Lethbridge Community College Native student retention in the context of personal profiles and social landscapes
University of Lethbridge. Faculty of Education
Lethbridge, Alta. : University of Lethbridge, Faculty of Education, 1989
Enrollment records from 1981 show that voluntary dropout from Lethbridge Community College among Native students has decreased; however, though more are staying in College many are suspended due to low grades. To determine the most appropriate measures to take to promote Native student retention and success in college courses six Native students were interviewed. These six students were an approximate representation of the general College Native student population in terms of age, Band, gender, marital status, and program area. An unstructured interview was conducted with each student with the intent of having the student speak openly about their school experiences as they grew up and give their personal opinions, suggestions, and recommendations for promoting Native student retention. Each interview was taped, transcribed, and shown to the student for changes or deletions. Findings from each student's educational history show the diversity in school experiences but also adversity in learning due to peer pressure and more often low expectations placed on the Native student by teachers in some non-Native southern Alberta schools. The suggestions and recommendations by the students indicate a willingness to participate in promoting Native student retention through such measures as peer support, group study, and active participation in the Native Student Association not only to provide support for Native students but also to promote good relations with non-Natives within the College and in the community.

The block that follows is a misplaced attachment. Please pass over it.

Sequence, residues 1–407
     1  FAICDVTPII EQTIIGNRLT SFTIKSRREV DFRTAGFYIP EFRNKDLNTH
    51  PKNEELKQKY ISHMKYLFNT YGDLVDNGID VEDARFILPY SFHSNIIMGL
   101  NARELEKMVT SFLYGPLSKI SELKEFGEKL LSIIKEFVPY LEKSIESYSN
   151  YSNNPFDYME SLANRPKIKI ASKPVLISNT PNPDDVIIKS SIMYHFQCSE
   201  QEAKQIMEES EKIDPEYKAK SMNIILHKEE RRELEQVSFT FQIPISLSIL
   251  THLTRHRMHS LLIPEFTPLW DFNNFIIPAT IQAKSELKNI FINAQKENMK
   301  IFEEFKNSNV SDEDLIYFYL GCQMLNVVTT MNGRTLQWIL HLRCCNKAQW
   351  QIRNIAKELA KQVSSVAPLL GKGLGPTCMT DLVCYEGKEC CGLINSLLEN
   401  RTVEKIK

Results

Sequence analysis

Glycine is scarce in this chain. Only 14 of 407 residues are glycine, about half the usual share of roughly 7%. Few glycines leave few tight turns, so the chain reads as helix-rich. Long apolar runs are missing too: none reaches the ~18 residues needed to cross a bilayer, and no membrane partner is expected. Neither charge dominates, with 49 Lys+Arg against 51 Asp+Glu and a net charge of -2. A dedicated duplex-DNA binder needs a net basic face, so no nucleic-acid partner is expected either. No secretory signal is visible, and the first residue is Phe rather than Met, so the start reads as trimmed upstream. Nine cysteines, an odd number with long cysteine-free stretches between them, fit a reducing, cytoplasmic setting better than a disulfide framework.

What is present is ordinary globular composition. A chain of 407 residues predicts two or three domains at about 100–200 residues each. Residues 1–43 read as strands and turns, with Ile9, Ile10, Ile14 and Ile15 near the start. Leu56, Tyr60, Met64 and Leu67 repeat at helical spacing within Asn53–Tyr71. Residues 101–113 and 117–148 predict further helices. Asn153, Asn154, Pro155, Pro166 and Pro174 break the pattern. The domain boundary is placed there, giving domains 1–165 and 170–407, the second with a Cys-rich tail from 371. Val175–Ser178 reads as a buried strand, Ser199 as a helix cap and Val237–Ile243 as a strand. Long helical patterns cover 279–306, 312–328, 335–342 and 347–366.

vi, 113 leaves : ill, ; 29 cm.
Lethbridge Community College , Indigenous peoples -- Alberta -- Education (Higher) , Dropouts -- Alberta -- Lethbridge -- Prevention